Enterprises manage a tsunami of data daily – typically generated from digital and social media mentions about a company’s brand. These social and digital data points have the potential to dramatically affect the perception of a brand, especially when a crisis erupts. Communications departments are charged with establishing sound crisis management plans to counter any fallout that arises from an executive faux pas, product recall or shareholder lawsuit. Yet when the inevitable crisis is manifested in the form of a data tsunami, 60% of comms professionals are overwhelmed by the volume of information. This is a scary statistic, especially for the various departments involved in crisis response.

Part of this issue arises from the disparate sources of data stored in various PR, communications and social media tools. These silos fragment the data and workflows leveraged during a crisis response. For example, the PR and social media teams may establish wildly different metrics and thresholds for calibrating or detecting a crisis. At the same time, crisis-response teams cannot take an integrated approach to a problem. In the future, every enterprise must modernize their crisis communications plans by centralizing data, systems and workflows. Here are the top four areas that every crisis response team should address:

#1. Leverage one source of the truth for KPIs, metrics and reporting

During a crisis, individuals may not always operate using the same playbook and data set. This fragmented approach will result in confusion across the team and a substandard decision-making environment. During any digitally-fueled crisis, it’s important that the entire cross-functional team leverage one source of the truth. Most companies today operate across a fragmented set of departments, data sets, systems and tools and workflows. As part of the planning process, organizations should rationalize and centralize tool sets, data, KPIs, reporting frameworks and workflows.

For example, some of Zignal’s largest enterprise customers today have established large “mission control” centers inside of their headquarter and affiliate offices. These centralized “hubs” serve as an aggregator of media intelligence data, reports, processes and decisions. Most importantly, during a crisis, these physical locations become the nerve center of all operations to ensure consistency, rapid response and data-driven decision making.

#2. Establish a baseline from your core metrics

What truly constitutes a crisis? The answer will vary from company to company. By establishing a metrics- and fact-based baseline, communications teams can quickly calibrate the severity of a real (vs. imaginary) crisis. Teams should track total mentions and impressions, average sentiment, keywords and the influencers who discuss their brand. Based upon this data, organizations will know their baseline of normal daily activity. When a crisis hits, these predefined threshold parameters will help assess the nature and severity of a crisis — ultimately guiding the appropriate response and commensurate resources.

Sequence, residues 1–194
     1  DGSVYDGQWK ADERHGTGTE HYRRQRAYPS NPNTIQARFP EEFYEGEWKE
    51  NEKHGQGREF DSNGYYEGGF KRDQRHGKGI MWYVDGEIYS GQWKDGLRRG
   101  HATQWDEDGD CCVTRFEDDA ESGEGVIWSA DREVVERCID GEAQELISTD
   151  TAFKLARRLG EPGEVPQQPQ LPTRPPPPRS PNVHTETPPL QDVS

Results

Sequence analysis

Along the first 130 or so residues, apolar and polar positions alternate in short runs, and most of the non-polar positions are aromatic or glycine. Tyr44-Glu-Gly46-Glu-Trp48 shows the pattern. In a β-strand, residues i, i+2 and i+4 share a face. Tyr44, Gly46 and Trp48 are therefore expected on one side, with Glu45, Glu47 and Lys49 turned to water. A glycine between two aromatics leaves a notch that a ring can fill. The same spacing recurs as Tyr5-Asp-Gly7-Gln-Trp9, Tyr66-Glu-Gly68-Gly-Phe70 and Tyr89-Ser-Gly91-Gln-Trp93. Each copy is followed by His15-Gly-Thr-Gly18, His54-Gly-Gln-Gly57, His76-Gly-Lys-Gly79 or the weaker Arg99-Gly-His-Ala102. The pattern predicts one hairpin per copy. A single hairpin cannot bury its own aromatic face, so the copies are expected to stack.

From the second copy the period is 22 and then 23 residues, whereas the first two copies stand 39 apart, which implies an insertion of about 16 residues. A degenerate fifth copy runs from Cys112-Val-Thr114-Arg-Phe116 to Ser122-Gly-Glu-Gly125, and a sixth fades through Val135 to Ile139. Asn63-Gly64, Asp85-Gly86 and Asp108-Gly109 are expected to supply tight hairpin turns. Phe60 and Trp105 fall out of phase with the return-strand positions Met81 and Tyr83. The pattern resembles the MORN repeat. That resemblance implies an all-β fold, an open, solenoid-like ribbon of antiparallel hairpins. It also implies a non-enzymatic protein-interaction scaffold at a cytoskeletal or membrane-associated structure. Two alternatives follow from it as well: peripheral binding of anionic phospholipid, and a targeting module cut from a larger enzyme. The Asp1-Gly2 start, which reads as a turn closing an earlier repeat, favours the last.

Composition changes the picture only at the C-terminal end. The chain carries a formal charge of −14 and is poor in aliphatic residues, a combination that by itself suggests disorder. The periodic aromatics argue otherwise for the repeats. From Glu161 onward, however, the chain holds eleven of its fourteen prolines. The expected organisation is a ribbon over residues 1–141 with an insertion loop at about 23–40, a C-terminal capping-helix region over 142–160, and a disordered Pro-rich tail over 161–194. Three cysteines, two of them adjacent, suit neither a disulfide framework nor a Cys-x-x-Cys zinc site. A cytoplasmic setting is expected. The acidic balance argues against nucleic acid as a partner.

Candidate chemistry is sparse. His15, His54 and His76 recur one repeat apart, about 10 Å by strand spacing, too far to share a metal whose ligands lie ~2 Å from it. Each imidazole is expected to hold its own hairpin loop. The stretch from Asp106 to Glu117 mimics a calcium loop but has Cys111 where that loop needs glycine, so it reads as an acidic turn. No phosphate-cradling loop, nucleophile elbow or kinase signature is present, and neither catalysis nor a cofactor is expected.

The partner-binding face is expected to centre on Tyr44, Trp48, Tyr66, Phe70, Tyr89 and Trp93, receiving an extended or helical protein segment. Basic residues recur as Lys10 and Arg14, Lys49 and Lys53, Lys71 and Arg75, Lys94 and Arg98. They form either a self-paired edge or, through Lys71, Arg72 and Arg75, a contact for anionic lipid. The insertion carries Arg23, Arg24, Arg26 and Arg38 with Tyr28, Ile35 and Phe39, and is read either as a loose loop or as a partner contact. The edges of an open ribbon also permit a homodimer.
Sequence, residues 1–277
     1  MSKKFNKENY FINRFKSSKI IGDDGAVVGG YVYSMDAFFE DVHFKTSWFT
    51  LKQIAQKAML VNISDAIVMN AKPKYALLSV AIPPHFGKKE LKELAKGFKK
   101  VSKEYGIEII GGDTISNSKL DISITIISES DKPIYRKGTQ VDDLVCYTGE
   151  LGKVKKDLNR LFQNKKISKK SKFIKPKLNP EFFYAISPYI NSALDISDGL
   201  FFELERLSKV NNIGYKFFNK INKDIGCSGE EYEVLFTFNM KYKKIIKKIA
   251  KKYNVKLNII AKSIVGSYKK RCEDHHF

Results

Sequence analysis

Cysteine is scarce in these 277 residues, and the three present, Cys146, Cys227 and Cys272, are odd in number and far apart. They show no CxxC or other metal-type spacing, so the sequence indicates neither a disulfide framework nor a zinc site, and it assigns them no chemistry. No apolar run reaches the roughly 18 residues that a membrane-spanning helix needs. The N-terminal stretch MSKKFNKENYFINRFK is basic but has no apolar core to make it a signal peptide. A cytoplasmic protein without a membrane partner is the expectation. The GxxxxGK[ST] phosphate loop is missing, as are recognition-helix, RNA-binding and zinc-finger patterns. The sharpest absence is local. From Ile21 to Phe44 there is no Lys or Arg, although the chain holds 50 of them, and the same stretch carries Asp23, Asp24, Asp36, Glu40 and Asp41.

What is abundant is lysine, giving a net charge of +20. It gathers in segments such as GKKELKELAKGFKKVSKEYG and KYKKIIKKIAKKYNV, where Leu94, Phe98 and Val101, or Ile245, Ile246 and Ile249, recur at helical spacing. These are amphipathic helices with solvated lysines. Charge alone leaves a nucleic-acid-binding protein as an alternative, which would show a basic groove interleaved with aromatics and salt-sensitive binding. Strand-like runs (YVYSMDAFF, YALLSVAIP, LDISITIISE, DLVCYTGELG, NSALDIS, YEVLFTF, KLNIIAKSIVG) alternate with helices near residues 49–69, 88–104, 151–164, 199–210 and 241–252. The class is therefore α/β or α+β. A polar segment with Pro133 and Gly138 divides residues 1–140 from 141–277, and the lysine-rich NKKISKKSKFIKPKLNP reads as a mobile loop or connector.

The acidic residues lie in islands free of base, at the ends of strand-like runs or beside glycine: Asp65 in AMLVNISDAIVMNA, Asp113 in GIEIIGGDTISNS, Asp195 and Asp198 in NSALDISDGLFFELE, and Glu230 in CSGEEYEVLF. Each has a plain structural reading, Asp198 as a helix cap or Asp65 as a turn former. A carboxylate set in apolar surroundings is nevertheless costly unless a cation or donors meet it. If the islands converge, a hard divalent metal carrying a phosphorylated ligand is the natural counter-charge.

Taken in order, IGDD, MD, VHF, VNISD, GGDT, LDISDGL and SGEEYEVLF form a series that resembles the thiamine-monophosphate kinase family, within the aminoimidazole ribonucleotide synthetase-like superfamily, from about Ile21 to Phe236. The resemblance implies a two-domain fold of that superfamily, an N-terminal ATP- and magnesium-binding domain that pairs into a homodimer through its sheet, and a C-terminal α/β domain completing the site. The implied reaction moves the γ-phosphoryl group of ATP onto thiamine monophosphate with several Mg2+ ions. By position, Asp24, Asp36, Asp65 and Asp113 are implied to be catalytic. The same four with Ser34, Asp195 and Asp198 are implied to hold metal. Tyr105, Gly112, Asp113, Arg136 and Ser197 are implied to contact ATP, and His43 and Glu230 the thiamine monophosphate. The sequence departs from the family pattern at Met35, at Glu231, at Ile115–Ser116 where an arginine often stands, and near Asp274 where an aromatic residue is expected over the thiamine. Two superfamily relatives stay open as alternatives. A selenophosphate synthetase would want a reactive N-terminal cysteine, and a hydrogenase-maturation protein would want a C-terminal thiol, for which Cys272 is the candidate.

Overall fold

#3. Build an integrated cross-functional team

During a crisis, the participating cast of characters involved in the response phase is broad. The team will likely include individuals from public relations, communications, digital marketing, social media, legal, investor relations, public affairs and the CEOs office. As you build out your cross-matrixed team, define the roles and process for data and reporting, escalation, decision-making and engaging the media.

#4. Look for the early warning signs

Just like a burglar alarm protecting our homes, it’s important to establish an early-warning alert system for crisis communications. This system can potentially mitigate a crisis early by generating proactive notifications whenever any threatening activity is detected.

While it’s impossible to predict the nuances leading up to every crisis, companies should create their own list of crisis triggers to monitor across the media spectrum. For example, financial services firms or retailers should monitor excessive mentions of their brand with a co-occurrence of “data breach.” Where to start? Executives, sales members, customer support representatives, public affairs and other key team members can help create this list based upon previous crises, business rules and legal policies.

Be prepared for your next crisis

While you can’t plan for the timing of your next inevitable crisis – you can start modernizing your systems and processes. The first step is to anticipate the full firehose of data generated from traditional and digital media and establish one central platform for both media and social intelligence. By doing so, you will empower every department across the enterprise with accurate insight and decision-support, allowing them to proactively respond to any crisis.

To learn more about how a centralized approach to data and media intelligence can help your organization with crisis management, download our eBook “Ten Ways that Big Data Will Modernize Your Crisis Communications Plan